Industries

Executive changed company, community

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Print this page by Donna C. Gregory

any Dominion Re­­­­­­­­­­sources investors have benefited Chewning’s financial acuity. When Chewning came to Dominion in 1987, the company’s market capitalization was $3.9 billion. By May of this year, it had more than quadrupled to $18.6 billion.

In 2008, Dominion reported operating revenues of $16.3 billion and assets of $42.1 billion. During the past two years, even amid a gloomy economy, the company has twice increased its dividend by 11 percent.

“He’s made Dominion shareholders a lot of money over the years,” says Ruble Hord, a longtime friend of Chewning’s who is a special agent with Northwestern Mutual. “The key thing about a CFO for a big company like Dominion is the ability to grasp complex situations and make something of them. He’s made some really good judgments over the years.”

Chewning retired in June as executive vice president and CFO at Dominion.  “I witnessed a lot of change, and I was involved in most of it,” he says.

Highlights of his career include putting together the winning bid to acquire Pittsburgh-based Consolidated Natural Gas, beating out a competitive offer by Columbia Gas Co., and leading a major selloff of Dominion’s oil and gas operations, netting the company $13 billion. “It was five different transactions — a lot of negotiation, a lot of time, a lot of travel,” says Chewning.

This isn’t the first time Chewning has been recognized for being a top CFO. In 2005, Institutional Investor magazine named him the best CFO in the utility industry.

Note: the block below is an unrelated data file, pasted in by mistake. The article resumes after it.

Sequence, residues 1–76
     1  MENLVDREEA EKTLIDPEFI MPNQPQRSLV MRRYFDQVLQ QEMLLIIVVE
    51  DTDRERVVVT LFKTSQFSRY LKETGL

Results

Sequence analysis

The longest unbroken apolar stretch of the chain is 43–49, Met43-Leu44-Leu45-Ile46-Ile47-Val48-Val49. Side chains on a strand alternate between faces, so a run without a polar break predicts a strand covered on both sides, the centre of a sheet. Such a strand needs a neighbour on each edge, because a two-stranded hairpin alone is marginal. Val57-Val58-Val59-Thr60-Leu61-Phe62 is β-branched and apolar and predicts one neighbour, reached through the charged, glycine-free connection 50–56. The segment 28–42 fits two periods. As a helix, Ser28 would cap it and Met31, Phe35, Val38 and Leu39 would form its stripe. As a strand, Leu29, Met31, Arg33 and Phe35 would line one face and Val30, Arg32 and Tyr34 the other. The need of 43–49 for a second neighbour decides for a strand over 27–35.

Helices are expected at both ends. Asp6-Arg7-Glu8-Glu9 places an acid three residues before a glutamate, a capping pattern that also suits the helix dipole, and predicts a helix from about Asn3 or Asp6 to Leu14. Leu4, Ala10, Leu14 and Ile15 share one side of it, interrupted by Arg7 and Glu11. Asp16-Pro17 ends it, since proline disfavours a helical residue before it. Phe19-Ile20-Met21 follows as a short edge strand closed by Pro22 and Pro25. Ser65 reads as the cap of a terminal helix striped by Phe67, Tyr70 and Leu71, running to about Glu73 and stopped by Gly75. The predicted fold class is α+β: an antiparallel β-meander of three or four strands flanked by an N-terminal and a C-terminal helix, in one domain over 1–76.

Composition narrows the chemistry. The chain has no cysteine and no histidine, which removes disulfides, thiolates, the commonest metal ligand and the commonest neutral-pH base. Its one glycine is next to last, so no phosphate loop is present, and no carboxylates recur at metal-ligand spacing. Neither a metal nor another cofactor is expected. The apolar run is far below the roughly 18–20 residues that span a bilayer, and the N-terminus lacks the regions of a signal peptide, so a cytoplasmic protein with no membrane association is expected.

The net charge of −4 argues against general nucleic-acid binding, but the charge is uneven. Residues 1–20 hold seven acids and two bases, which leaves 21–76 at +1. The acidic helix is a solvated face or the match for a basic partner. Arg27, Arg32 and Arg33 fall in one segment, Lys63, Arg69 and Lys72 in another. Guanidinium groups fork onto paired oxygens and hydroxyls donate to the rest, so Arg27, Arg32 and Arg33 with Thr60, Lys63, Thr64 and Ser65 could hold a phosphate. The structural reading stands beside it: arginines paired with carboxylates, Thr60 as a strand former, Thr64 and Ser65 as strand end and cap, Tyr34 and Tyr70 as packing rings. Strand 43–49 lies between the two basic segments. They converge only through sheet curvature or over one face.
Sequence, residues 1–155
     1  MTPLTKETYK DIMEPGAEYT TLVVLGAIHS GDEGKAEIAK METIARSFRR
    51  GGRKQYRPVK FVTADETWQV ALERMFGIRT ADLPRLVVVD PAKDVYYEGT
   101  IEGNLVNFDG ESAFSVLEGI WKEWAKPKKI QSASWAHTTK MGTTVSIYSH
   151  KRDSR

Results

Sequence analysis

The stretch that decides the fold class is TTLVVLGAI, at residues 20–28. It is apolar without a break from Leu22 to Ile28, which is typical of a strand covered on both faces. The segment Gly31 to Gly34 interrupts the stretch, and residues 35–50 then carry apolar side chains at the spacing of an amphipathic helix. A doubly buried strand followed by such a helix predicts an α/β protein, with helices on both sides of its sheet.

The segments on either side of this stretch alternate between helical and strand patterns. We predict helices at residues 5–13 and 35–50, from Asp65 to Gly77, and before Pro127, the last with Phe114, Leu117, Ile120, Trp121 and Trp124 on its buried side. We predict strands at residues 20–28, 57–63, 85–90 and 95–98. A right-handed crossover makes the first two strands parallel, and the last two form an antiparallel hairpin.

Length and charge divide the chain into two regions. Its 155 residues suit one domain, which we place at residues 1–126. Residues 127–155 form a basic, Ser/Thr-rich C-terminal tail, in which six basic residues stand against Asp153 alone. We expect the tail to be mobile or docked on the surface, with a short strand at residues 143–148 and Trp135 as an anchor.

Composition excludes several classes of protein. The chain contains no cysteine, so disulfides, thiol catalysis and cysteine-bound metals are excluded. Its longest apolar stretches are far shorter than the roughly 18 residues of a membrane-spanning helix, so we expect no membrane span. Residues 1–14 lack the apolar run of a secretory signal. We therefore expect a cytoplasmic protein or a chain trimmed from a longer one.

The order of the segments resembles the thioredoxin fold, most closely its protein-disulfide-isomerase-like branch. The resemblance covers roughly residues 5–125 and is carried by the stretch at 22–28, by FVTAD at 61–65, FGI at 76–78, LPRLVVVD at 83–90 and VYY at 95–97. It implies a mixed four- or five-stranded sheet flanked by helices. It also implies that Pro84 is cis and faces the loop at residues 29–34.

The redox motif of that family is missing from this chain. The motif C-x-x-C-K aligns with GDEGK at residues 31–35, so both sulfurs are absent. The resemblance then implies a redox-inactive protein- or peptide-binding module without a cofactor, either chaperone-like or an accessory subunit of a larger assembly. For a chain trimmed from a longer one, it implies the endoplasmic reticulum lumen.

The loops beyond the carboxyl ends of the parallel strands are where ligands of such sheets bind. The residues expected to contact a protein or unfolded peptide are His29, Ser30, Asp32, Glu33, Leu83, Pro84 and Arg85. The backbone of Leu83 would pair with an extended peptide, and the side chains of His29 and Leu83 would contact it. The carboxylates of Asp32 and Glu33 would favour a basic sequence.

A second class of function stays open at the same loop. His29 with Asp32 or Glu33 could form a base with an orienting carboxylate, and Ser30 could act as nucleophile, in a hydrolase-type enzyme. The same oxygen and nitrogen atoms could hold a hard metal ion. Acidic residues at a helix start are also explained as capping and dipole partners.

“Tom has played a pivotal role in transforming Dominion from a regional, regulated electric utility to one of the nation’s pre-eminent diversified energy enterprises and a Fortune 200 corporation,” says former Del. Frank Hall of Richmond.

Chewning has also found time to serve his community. He has served as a board member of the American Heart Association’s Richmond chapter. In 2005, he received a “Humanitarian Award” from the National Conference for Community & Justice and a “Spirit of Giving Award” from the Association of Fundraising Professionals. He also worked tirelessly to have a statue of his friend, tennis champion Arthur Ashe, erected on Richmond’s Monument Avenue.

In retirement, his top civic issue will be advocating early childhood education while serving on the Virginia Early Childhood Foundation board of directors. “I would describe him as our community champion around this issue,” says Sherrie Brach, CEO of the United Way of Greater Richmond & Petersburg. “He’s very committed to making sure children are ready to start kindergarten and ready to learn and succeed in life. He’s a person who is all about actions, not just about words, and we’re fortunate to have him in this community.”


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